the ice dragon

dragon ice sculpture with blue lighting
a blue version of the ice dragon (image reversed)
Initially, this ice sculpture was done for my commercial site: ice dragon ice sculptures. So a lot of time went into designing, carving, and photographing this sculpture. The project turned out to be a wonderful learning opportunity as I figured out how to get the level of detail and surface treatment that I wanted for my dragon. I also learned a lot of ways NOT to photograph an ice sculpture. This sculpture stayed in the freezer for quite a while with the intention of getting more pictures of it. In the end, though, the dragon was slain by the hot New Orleans summer and a lack of electricity.

multi-colored dragon ice sculpture

a multi-colored version of the ice sculpture

closeup view of the dragon ice sculpture

a closeup photo of the ice dragon's head and jaw

the incomplete dragon ice sculpture with a template still applied

the dragon partly sculpted, with the template still applied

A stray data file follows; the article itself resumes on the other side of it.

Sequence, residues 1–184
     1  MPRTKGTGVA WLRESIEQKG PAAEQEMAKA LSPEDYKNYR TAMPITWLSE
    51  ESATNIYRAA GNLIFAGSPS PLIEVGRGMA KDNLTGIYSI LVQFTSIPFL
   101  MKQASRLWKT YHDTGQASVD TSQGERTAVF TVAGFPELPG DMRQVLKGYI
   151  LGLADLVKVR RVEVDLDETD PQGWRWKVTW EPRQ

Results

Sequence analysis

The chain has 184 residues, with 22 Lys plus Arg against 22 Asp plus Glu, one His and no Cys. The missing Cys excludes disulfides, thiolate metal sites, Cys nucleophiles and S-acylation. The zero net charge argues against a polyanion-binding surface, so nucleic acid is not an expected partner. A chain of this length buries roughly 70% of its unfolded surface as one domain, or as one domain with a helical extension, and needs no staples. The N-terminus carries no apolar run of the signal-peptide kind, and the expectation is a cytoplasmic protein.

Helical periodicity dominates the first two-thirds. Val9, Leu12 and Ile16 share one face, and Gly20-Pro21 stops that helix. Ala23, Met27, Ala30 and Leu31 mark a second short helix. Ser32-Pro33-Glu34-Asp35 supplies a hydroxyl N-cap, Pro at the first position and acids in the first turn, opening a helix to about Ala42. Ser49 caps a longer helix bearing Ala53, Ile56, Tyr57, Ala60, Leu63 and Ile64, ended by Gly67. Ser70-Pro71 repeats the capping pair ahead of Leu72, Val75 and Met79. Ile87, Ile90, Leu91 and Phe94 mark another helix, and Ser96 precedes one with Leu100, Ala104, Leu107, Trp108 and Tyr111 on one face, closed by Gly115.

dragon ice sculpture with red lighting

a predominantly red version of the sculpture, with a right claw

In some of the secrets blog entries on the site, I go into some of the details of photographing ice sculptures, but this sculpture represented a milestone in my photography education. Some of the early photos that I took of the sculpture were really bad, especially compared to what I got later. To get my photos, I used an early Canon digital SLR, the D50. I didn't use any flash and, of course, that meant I had to use a tripod for the required long exposures in the largely dark freezer. (I had to take some precautions to protect my camera from the cold also.) Lighting the sculpture was challenging, but it helped that the sculpture's surface was polished so that it would catch the lighting better.

The dragon’s last days were spent keeping some friends’ various perishables cold while they decided whether or not to stay in New Orleans in the days after the storm. We left before the storm hit and thought they were crazy for staying. (There was no room for the dragon in the truck.) The photos shown have received light touchups, but the shape of the sculpture itself hasn’t been altered, aside from reversing the image in the blue dragon photo. Different lighting combinations make for the color changes. The secrets blog entry for this sculpture gallery is here.

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